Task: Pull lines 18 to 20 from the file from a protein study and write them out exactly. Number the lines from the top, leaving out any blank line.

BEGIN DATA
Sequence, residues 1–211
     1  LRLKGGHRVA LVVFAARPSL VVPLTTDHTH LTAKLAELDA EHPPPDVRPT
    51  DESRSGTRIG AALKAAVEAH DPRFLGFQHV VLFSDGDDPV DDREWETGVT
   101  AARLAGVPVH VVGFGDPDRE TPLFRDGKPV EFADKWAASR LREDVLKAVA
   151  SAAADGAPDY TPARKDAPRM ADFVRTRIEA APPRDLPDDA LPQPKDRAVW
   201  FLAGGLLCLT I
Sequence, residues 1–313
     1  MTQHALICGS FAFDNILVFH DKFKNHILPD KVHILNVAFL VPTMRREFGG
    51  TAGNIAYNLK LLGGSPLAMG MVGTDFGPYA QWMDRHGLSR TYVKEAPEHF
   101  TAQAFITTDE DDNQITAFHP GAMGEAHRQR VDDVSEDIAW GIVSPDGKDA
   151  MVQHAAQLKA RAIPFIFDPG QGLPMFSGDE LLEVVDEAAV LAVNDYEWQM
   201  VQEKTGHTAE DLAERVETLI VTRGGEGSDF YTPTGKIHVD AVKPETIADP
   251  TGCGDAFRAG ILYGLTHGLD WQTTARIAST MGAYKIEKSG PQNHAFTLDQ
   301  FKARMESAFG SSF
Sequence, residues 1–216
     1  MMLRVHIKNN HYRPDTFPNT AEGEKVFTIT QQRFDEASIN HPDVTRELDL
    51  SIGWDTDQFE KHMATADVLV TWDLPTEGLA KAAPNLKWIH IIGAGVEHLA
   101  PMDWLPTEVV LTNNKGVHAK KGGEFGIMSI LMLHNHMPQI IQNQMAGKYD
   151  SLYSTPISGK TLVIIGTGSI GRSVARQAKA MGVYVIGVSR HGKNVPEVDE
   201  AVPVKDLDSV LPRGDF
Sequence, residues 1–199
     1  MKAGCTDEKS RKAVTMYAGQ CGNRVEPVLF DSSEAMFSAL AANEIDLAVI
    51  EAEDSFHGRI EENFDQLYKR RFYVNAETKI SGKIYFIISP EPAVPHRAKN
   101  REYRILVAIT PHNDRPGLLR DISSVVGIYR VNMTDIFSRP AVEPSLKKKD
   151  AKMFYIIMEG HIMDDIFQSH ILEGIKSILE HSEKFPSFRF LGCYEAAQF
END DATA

   101  PMDWLPTEVV LTNNKGVHAK KGGEFGIMSI LMLHNHMPQI IQNQMAGKYD
   151  SLYSTPISGK TLVIIGTGSI GRSVARQAKA MGVYVIGVSR HGKNVPEVDE
   201  AVPVKDLDSV LPRGDF